Wednesday, January 27, 2010

LowRes 2009 Movie Awards: Part 2, The Trailers

Have you guys heard I'm kind of into movie trailers? Yes, well, I am. I'm not saying the Academy should have this category at the Oscars, I'm just putting the question to you all: would you rather see the five best trailers played on Oscar night or Kate Husdon perform "Cinema Italiano" for the increasingly bullshit Best Song award? Right.

It was actually pretty each choosing this year's nominees for Best Trailer. Five clips just naturally rose to the top, either with innovation, style, music, or a product so irrepressibly lovely, its charms couldn't be contained.

BEST TRAILER



500 Days of Summer

Not the full-length trailer, which I don't care for, but the teaser, which got the romantic/anti-romantic tone perfectly, kept the plot elusive, made its case based on the charms of its incredibly charming leads, and wrapped it all up in a Temper Trap song that hadn't yet been sullied by ABC's The Deep End.




A Single Man

It's everything the film is: stylish (sometimes overly so), obsessed with faces and eyes and lips and '60 fashions, equally obsessed with its actors as icons (notice how even the most briefly-appearing actors like Lee Pace and Ginnifer Goodwin get their marquee shots), scored gorgeously, and ultimately hypnotic.



Watchmen
Again, this is for the teaser trailer, not the more expansive (yet still quite good) trailer. As I did at the time, I love the guts to present the trailer without exposition, through voice-over or even much dialogue. Just images from the book, burned into the imaginations of fans. Plus the Smashing Pumpkins song was perfect.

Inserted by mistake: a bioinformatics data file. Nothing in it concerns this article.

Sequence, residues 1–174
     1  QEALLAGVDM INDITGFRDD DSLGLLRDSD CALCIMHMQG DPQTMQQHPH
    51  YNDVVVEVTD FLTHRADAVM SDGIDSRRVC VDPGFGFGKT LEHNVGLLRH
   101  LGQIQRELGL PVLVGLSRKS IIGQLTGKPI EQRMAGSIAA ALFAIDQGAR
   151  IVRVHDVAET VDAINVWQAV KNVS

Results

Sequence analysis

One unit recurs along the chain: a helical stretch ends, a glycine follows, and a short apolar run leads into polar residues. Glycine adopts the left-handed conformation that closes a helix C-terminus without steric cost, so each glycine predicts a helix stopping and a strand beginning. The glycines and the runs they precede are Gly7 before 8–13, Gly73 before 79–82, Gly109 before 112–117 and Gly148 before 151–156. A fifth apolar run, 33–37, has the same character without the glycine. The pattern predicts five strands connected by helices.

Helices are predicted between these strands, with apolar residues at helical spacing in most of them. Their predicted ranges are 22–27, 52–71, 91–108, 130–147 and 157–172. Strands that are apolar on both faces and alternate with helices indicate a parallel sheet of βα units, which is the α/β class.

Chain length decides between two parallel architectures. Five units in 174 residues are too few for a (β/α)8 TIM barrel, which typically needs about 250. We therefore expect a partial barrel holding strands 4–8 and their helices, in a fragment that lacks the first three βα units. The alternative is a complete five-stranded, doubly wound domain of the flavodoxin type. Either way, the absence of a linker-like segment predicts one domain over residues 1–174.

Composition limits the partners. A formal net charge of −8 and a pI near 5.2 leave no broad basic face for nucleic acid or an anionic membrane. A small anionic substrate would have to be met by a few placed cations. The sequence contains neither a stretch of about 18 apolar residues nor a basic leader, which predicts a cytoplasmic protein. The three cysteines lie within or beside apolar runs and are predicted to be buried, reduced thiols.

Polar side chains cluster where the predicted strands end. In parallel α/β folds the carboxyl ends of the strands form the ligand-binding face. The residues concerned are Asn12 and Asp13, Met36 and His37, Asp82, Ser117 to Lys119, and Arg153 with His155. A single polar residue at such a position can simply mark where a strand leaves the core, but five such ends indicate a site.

Where the Wild Things Are
Just love at first sight. I think the common thread on all five of these trailers are how confident and un-focus-grouped they seem (and for tools of pure marketing, that's quite a feat). Wild Things went direct for the 20/30-something audience that grew up on the book, rather than try for some ideal "adult-friendly kids movie" pitch. They made Arcade Fire as integral to the film's pitch as Spike Jonze, accepting the risk of the dreaded "hipster" label, and the result was a clip that feels as emotional as the movie itself.



Whip It!
All the attitude and energy and rare warmth of the movie get boiled down to two and a half minutes of Weezer-scored perfection. No trailer got me more fired up to see a movie all year.
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5 comments:

Stephanie said...

I swear, my boyfriend has been singing “Pork and Beans” since that trailer premiered. I’m still surprised that Whip It bombed: it was one of sharpest movies I saw all year. Plus, hot chicks on roller skates? What's not to love?!

BeRightBack said...

The Single Man trailer is great, and I hadn't seen it. Like watching the movie itself, and yet it doesn't give anything away.

The (500) Days of Summer trailer was marred by the announcer's bizarrely portentous tone of voice, though, which made it seem like a bait-and-switch zombie movie or something.

Joe Reid said...

See, I really liked the voice-over. It really helped set that off-kilter tone.

Couch Baron said...

I like that the A Single Man trailer also made sure to give us a look at Nick Hoult's pink angora sweater. That thing deserved separate billing.

Scott said...

Love, love the first four. If only more trailers (exquisitely) gave you a feel for the film instead of giving you a plot synopsis and a couple of guffaws.